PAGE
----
A solution for child care > F.E. Warren Air Force Base > News

Finding child care can be a constant struggle for military families, but there can be an easy solution: Family Child Care.

The 90th Force Support Squadron has three childcare options for military families, one of which is family childcare. The FCC gives spouses the opportunity to become providers and be paid to monitor up to six children in their own homes, including their own children.

Malina Boardman is one of these FCC suppliers for FE Warren Air Force Base. She has been a provider here for four years and has been working in the child care field for 15 years, including at child development centers where she started.

“I like working with kids, but especially like being a provider because I can create my own curriculum and base my program on my kids,” Boardman said.

To become a provider, there is a background check, a week-long training course that teaches CPR / first aid, food handling and other important topics, and a home inspection for safety. Once completed, suppliers are certified and can begin the process of finding families to work with. During the time to be a provider, there are also random and periodic inspections with the fire department, health department, safety and the FCC program coordinator.

One of the biggest parts to becoming an FCC provider is getting all the materials for the kids’ education and enjoyment, but it’s also one of the easiest parts, due to support received from FSS.

“They really make it that easy,” Boardman said. “I was able to use the lending library, and if my car was not big enough to fit certain things, Joyce got one of the work trucks to help.”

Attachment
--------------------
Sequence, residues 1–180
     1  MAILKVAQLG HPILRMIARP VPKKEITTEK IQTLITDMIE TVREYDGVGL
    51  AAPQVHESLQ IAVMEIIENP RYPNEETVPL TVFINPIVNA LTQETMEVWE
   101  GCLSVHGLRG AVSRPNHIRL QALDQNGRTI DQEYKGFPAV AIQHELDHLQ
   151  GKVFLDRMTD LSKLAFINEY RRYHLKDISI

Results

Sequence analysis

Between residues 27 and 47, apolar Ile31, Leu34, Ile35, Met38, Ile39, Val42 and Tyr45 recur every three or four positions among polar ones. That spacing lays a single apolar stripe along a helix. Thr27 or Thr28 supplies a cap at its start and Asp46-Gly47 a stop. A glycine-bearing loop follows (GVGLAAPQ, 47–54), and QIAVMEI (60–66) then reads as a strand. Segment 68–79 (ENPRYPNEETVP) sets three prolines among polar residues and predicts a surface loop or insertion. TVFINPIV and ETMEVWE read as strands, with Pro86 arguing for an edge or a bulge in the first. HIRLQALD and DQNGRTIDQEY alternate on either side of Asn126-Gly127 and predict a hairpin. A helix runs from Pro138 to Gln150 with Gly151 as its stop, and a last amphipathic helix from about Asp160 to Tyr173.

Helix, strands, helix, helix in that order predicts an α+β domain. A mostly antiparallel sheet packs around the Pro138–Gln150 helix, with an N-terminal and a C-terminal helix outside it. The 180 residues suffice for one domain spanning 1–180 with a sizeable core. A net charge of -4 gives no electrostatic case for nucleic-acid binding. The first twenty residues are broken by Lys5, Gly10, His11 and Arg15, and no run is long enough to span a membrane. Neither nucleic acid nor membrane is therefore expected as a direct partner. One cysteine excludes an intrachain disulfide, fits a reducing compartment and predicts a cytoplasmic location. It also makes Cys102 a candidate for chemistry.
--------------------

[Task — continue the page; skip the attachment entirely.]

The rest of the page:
Joyce Cisneros, the community child care coordinator with 90 FSS, built an extensive lending library during her time in this position. Providers can go to the lending library and sign out materials to help them with their programs, including furniture, crafts, books, educational materials, toys, and more. According to Boardman, if there is material that a supplier needs, they just need to make a wish list for Cisneros. That list will be fulfilled, if funding is available. 90 FSS and Cisneros make it so there are no out-of-pocket expenses for suppliers.

Boardman is also accredited by the National Association of Child Care, which means that she not only meets all Air Force child care standards, but also another 400 criteria required by that accreditation. On top of that, she won FCC Supplier of the Year in 2021.

“I like most of the relationships I have with the kids, even with kids I’ve had in the past who have moved away or gone,” Boardman said. “It’s great to see them learn new things and grow up, and that’s the part I enjoy doing.”

Air Force FCC providers are subject to strict certification requirements to include: Completion of 15 Air Force training modules, monthly unannounced home visits, background checks, annual training and certification in first aid and cardiopulmonary resuscitation (CPR). For anyone interested in increasing revenue, providing quality, available and affordable child care, and assisting the Air Force in meeting the child care needs of clients, call the FCC office at 307-631-2645 or email joyce.cisneros@us.af. mil. Additional information about the FCC can be found here.

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